Sometimes, I have to say, levels of flexibility as extreme as that found on the D60 appear to be there as a self-conscious attempt at disguising some pretty fundamental picture problems in a projector. But thankfully this is certainly not the case with the D60. In fact, its flexibility is there for all the right reasons; to help anyone who knows what they’re doing make what are good pictures straight out of the box into excellent ones adapted, to some extent at least, to your individual room conditions.
Particularly striking right from the off is how extraordinarily sharp and detailed the D60’s images are when watching a tidy HD source such as ”Casino Royale” on Blu-ray. As Bond trails the plane bomber through the airport, for instance, the amount of pore and stubble detail visible in both men’s faces as the terrorist stops to try on some sunglasses is remarkable for a £2,500 product.
The fact that the D60 is a Full HD projector with the facility to deactivate all overscanning undoubtedly helps in this respect. But numerous other sub-£3k DLP projectors offer similar HD-friendly features without delivering quite so much pixel-perfect HD clarity as the D60.
Thinking about it, I suspect that the D60’s extra HD clarity might have something to do with the startling clarity of its motion handling, as the response time of its optical system seems strikingly fast even by DLP’s already high standards.
Once I’d soaked up the picture’s sharpness, I also started to take serious notice of the D60’s contrast. For it manages to deliver some really pretty deep black level depths without having to compromise the brightness of the picture’s peak whites or the saturations of its colours nearly as severely as I might have anticipated.
Now that I’ve mentioned colours, I might as well add that the D60 appears to have benefited from the near-obsession with achieving the perfect video colour balance SIM2 exhibits with its high-end projectors. For while colours might not initially look as dynamic and vibrant as those of many rival sub-£3k projectors, the fact is that for 95% of the time, they’re a damn sight more accurate. And that, of course, is worth more than any amount of gaudy showboating.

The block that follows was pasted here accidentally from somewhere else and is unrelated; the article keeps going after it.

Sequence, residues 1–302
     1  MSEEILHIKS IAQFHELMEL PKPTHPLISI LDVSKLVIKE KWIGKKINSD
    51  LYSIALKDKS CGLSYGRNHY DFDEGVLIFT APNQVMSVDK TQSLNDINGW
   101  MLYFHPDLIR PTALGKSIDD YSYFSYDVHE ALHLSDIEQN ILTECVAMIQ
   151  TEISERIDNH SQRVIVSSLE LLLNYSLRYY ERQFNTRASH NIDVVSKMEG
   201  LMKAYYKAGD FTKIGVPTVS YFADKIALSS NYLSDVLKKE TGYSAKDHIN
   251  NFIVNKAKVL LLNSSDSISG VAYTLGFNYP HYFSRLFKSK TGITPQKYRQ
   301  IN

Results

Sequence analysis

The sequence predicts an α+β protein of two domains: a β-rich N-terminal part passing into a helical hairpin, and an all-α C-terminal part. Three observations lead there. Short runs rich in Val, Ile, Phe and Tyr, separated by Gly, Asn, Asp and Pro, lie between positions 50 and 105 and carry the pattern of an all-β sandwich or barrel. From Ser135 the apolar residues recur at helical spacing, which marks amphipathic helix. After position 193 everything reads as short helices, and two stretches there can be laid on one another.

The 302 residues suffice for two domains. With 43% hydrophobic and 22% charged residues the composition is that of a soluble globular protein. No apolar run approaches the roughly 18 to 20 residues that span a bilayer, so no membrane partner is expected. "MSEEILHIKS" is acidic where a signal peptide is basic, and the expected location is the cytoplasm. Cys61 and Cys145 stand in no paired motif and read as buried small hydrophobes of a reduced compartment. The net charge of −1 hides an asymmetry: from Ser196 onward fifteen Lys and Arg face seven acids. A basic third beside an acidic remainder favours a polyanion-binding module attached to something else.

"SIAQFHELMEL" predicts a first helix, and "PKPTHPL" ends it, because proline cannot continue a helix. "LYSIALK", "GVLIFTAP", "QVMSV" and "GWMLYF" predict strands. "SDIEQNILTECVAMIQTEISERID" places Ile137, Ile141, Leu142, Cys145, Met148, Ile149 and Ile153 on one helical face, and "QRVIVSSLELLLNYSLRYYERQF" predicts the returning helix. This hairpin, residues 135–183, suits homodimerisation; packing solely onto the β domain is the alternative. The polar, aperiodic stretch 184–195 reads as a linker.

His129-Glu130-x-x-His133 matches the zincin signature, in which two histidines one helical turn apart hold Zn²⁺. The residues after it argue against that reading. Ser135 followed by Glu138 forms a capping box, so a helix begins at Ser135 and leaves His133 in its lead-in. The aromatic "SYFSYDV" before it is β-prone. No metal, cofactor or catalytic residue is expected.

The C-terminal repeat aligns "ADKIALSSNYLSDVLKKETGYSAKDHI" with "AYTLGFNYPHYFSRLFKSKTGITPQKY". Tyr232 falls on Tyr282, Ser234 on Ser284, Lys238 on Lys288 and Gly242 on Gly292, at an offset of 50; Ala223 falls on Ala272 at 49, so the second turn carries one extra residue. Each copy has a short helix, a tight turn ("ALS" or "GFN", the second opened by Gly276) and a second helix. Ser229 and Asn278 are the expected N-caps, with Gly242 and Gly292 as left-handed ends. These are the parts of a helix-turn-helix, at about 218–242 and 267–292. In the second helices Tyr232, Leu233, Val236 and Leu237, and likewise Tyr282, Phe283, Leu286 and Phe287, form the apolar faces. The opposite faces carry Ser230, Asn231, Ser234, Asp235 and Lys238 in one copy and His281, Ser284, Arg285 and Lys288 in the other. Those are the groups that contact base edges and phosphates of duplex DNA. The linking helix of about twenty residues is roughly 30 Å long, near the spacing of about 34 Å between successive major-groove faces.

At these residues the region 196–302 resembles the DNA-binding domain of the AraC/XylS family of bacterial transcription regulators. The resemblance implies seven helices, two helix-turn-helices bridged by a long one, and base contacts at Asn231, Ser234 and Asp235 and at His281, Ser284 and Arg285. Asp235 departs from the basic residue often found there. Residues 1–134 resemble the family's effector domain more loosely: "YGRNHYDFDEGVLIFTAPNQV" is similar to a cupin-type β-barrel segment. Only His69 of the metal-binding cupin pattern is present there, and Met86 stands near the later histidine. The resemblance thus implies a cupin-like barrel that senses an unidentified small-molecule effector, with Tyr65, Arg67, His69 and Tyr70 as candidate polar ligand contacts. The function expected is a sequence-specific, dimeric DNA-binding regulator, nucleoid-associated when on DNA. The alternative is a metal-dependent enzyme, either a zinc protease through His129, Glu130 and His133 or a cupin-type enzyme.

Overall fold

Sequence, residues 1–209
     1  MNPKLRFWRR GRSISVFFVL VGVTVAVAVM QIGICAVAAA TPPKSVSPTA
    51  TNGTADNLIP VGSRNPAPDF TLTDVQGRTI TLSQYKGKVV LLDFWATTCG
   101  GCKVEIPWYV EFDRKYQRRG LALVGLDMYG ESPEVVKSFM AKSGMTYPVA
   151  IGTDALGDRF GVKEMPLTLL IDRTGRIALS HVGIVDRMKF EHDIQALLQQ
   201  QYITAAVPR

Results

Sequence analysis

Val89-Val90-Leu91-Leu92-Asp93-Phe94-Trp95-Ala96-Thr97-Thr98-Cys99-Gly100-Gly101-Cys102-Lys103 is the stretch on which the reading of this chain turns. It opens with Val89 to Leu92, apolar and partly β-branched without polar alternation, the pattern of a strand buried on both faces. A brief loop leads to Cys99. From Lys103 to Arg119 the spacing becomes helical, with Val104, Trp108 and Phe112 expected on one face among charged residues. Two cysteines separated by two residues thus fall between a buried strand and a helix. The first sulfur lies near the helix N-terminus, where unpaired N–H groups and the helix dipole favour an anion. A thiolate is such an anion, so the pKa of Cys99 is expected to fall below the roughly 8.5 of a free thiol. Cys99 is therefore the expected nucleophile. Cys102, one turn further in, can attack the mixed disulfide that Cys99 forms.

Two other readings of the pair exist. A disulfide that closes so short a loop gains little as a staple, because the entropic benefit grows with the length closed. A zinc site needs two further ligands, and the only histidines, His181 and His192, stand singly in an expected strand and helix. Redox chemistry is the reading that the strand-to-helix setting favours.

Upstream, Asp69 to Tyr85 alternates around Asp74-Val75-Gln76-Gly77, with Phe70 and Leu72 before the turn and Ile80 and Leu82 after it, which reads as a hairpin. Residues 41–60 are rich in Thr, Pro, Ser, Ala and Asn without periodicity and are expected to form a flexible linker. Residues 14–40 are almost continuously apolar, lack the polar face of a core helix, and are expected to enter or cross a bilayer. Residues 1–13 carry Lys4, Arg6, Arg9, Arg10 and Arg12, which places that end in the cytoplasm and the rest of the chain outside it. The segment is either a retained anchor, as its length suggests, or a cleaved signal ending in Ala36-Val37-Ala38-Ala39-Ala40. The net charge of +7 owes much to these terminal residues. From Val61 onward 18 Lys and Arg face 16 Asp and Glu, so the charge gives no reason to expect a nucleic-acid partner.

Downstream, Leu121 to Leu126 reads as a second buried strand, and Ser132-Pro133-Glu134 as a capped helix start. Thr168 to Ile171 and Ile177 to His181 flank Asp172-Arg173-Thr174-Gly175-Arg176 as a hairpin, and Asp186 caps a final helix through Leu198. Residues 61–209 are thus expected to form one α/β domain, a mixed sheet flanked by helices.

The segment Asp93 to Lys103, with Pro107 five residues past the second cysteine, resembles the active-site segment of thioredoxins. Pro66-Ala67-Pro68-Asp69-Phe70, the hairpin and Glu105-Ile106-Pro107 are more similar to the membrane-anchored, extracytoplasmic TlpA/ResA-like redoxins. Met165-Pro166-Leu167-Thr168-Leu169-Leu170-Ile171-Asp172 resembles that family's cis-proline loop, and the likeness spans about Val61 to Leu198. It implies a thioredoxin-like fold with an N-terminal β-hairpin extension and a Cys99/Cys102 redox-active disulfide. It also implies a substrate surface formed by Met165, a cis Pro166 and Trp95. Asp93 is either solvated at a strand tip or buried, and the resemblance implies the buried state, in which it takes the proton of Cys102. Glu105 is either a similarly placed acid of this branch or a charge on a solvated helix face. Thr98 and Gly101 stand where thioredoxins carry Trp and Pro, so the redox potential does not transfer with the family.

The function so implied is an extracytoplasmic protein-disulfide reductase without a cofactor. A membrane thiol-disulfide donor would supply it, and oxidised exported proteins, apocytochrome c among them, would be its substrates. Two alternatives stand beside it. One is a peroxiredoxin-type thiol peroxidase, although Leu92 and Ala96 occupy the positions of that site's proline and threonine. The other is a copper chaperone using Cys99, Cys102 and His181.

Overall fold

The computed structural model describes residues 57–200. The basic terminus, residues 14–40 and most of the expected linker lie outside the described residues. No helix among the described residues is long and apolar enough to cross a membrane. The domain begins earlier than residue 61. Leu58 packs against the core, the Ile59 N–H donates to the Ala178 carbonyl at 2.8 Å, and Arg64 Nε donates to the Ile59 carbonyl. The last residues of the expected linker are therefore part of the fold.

Yet more good news finds the image looking engagingly bright despite its rich black levels, and the dreaded DLP rainbow effect cropping up strikingly rarely. It’s definitely there over really stark, bright points of an image, such as the white shirts worn during the main casino scenes of ”Casino Royale”. But I didn’t notice it as much as I did on recent InFocus projectors, for instance.
Excellent though the D60 is for its money, there are inevitably still reasons to spend more on higher-spec models like the recently reviewed JVC HD350 if you can. The biggest of these reasons is the way dark areas seem just a little empty – thanks to a lack of shadow detail – when I’d got the image calibrated to what seemed to be its optimum settings.
The image also occasionally seems to contain slightly more noise than might be explained by the grain in an HD source, especially during dark scenes. Standard definition images, meanwhile, look a touch – though only a touch – more noisy and soft when upscaled to the D60’s Full HD pixel count than we’d ideally like. And while the whisper mode makes the projector quiet enough for most living rooms scenarios, the normal lamp mode ups the volume considerably, to a level that only a really quite large room would probably be able to ‘soak up’.
Don’t let the fact that we rounded off our review of the D60 with what might reasonably be called a ‘reality check’ put you off. For in the end this projector is easily SIM2’s most accomplished mainstream projector to date, finally managing to deliver a flavour of the brand’s entirely healthy video obsessions at a price you don’t have to be a famous Hollywood film director to afford.
Score in detail
Image Quality 9